Anthony George Wilden[1] (14 December 1935 – 29 December 2019) was a writer, social theorist, college lecturer, and consultant. Wilden published numerous books and articles which intersect a number of fields, including systems theory, film theory, structuralism, cybernetics, psychiatry, anthropological theory, water control projects, urban ecosystems, resource conservation, and communications and social relations.[2]

Wilden is credited with one of the first significant introductions to the work of Jacques Lacan in the English-speaking world, particularly in his role as one of Lacan's early English translators.[3][4] Today Wilden's work (and consequent reputation) is arguably more influential in the fields of communication theory, ecology and social interaction. These fields of study evolved out of a long scholarly tradition of "interactional semiotics" that originated with Plato's Cratylus. Along with such figures as Gregory Bateson (i.e., Steps to an Ecology of Mind), R. D. Laing (i.e., Sanity, Madness and the Family), and Walker Percy (i.e., Lost in the Cosmos), Wilden is considered one of this tradition's contemporary (modern and postmodern) pioneers.[5]

With the appearance of System and Structure (1972), Wilden sought "to establish the necessity of an ecosystemic or ecological approach to communication and exchange in open systems of all types", to use his own words.[6] In hindsight it is recognized that System and Structure was an early contribution to a "theory of self-referential systems". According to Niklas Luhmann, this "theory of self-referential systems" is the second paradigm change[7] in a "General System Theory" (the first change being the "open-systems" or "systems/environment" shift, a step that initially separated "systems theory" from the traditional "whole-parts" paradigm).[8] Through his teaching and writings, Wilden provided "a contribution to our 'knowledge about knowledge' at an abstract level, as well as supplying ammunition in the struggle with the concrete reality that information is power and that scientific discourse is a hidden weapon in the arsenal of social control."[2] Wilden is also recognized today for his significant contributions to Context theory and Second-order cybernetics.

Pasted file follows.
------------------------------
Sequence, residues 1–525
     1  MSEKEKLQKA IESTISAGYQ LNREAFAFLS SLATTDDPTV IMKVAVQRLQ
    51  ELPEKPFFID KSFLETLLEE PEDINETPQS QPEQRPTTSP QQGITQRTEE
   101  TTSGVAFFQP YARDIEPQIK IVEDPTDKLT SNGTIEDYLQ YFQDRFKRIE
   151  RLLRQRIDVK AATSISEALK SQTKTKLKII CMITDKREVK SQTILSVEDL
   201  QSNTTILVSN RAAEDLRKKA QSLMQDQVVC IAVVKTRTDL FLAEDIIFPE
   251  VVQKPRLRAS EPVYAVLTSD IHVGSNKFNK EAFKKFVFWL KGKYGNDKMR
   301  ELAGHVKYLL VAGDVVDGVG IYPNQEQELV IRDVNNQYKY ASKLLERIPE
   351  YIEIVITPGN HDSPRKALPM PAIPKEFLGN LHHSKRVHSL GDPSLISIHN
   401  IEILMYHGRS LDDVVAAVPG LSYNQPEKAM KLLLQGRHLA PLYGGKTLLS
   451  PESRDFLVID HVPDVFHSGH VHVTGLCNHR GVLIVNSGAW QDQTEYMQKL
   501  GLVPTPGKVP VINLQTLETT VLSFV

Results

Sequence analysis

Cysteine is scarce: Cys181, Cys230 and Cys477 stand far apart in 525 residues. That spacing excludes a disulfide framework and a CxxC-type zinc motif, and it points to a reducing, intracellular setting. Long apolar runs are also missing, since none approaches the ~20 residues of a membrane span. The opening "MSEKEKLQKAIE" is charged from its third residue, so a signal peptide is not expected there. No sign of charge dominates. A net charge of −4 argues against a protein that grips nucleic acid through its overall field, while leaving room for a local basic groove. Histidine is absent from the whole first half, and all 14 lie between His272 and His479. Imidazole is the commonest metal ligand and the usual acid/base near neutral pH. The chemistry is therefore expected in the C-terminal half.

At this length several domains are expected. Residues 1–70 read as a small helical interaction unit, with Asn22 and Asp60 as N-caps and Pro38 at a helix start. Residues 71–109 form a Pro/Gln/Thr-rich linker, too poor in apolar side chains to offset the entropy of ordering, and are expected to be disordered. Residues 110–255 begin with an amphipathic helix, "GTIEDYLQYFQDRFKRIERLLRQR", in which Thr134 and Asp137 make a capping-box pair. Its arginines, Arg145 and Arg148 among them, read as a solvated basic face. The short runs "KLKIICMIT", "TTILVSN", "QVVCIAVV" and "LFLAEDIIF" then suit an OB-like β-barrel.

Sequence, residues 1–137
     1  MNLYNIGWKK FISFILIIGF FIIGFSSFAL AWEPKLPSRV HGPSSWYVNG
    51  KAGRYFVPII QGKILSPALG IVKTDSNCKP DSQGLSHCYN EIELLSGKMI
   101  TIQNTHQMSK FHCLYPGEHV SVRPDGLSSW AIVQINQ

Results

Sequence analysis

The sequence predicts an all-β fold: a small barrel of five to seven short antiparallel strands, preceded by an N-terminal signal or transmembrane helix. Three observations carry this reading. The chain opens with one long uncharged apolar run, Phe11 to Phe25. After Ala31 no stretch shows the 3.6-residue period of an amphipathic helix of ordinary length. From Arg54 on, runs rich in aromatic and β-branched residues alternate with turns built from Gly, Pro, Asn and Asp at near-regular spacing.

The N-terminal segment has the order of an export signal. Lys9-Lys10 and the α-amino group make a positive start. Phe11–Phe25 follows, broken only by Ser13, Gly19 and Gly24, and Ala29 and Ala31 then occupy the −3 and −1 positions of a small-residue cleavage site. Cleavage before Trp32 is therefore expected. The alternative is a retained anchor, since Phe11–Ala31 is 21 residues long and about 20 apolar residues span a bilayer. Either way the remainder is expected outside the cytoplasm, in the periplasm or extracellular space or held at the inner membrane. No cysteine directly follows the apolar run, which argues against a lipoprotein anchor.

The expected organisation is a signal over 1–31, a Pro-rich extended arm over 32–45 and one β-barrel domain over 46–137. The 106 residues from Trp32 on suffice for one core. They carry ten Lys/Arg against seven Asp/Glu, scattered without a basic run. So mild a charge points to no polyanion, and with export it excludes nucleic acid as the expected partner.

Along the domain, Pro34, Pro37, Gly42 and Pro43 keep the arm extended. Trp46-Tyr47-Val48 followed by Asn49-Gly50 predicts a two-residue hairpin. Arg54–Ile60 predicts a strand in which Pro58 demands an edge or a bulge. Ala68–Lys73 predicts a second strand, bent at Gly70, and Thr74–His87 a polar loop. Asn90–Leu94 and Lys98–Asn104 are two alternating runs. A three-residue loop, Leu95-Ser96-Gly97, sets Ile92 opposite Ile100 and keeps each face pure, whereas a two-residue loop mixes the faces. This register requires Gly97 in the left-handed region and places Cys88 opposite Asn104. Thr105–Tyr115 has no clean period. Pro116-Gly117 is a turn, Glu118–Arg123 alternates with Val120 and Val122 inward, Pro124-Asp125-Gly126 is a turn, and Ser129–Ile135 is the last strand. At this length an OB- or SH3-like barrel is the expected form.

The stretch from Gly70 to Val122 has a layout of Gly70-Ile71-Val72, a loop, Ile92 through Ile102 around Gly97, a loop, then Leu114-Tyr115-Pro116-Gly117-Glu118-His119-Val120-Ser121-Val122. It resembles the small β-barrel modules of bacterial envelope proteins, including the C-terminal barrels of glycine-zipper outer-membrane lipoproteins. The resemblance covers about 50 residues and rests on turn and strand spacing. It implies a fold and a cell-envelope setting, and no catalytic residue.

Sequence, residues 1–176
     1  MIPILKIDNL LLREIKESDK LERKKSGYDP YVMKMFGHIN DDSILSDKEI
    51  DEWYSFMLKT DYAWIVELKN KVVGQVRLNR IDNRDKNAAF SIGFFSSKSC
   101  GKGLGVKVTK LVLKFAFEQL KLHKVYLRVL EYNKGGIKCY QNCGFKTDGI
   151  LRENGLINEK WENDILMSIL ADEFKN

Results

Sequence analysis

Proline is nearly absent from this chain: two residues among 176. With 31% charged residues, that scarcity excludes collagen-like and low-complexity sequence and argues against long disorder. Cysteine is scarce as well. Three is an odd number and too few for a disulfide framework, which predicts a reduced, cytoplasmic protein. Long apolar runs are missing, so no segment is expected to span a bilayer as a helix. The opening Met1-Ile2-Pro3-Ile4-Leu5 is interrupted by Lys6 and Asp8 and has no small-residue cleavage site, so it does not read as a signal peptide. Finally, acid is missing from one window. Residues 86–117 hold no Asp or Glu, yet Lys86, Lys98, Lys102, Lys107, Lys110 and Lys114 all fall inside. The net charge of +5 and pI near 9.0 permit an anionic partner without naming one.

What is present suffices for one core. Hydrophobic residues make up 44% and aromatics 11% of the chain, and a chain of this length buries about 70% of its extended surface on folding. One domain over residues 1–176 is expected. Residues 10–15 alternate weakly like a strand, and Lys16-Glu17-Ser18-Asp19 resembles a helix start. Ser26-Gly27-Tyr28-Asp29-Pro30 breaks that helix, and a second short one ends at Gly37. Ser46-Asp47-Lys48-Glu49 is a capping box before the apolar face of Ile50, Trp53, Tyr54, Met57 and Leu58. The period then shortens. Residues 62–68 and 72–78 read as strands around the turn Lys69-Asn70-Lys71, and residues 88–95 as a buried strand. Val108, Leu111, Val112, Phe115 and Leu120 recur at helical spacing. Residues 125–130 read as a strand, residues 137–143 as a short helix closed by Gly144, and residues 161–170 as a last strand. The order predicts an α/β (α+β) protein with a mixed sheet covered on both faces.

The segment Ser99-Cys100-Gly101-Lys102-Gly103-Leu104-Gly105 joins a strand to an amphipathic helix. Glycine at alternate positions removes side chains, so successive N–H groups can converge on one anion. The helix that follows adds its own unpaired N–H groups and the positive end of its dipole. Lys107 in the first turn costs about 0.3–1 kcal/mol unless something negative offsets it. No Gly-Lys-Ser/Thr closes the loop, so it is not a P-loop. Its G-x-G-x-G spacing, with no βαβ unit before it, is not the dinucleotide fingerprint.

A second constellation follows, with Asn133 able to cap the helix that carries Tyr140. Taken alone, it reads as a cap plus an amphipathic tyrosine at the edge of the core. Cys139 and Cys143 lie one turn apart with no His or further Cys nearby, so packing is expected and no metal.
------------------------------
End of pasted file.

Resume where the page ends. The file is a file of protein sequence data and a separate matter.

Wilden was a professor in the Communications Department at Simon Fraser University from the 1970s to the mid-1990s. He attended the University of Victoria, Victoria, British Columbia, 1960–1961, 1963–1965; and Johns Hopkins University, earning an MA in 1967 and PhD in 1968. His doctoral thesis was entitled Psychoanalysis and the Language of the Self.[1]

He died at the age of 84 in Burnaby, British Columbia.[9]

Selected writings and publications

Note: the primary source for this section is from the Wilden article in Gale's Biography series.[2]


  1. ^ a b "Doctors of Philosophy with titles of dissertations". Conferring of Degrees at the close of the ninety-second academic year (PDF). Baltimore, Maryland: The Johns Hopkins University. 11 June 1968. p. 41. Retrieved 4 November 2020.
  2. ^ a b c "Biography - Wilden, Anthony (1935-)", Contemporary Authors (Biography), Thomson Gale, 2002.
  3. ^ ie., as early as 1966, Wilden's "Freud, Signorelli and Lacan: the Repression of the Signifier" (1966, American Imago, 23: 332–66) and his English translation of Lacan's The Language of the Self (published in 1968)
  4. ^ see also the Anthony Wilden article at the French Wikipedia site here
  5. ^ corey anton (21 January 2011). "Anton Corey Faculty page at Grand Valley State University". Archived from the original on 19 July 2011. Retrieved 24 June 2011.
  6. ^ "Preface", p. xiv. System and Structure: Essays in Communication and Exchange, 1st ed., Tavistock Publications, 1972
  7. ^ "change" or what Gregory Bateson called a "step"
  8. ^ Luhmann, Niklas. Social Systems. Stanford: Stanford University Press, 1995; pp. 6–8
  9. ^ "Anthony Wilden Obituary - North Vancouver, BC".
  10. ^ Review in French ("Études Internationales").

Further reading

Excerpts from System and Structure
Excerpts from Man and Women, War and Peace
Other responses to Wilden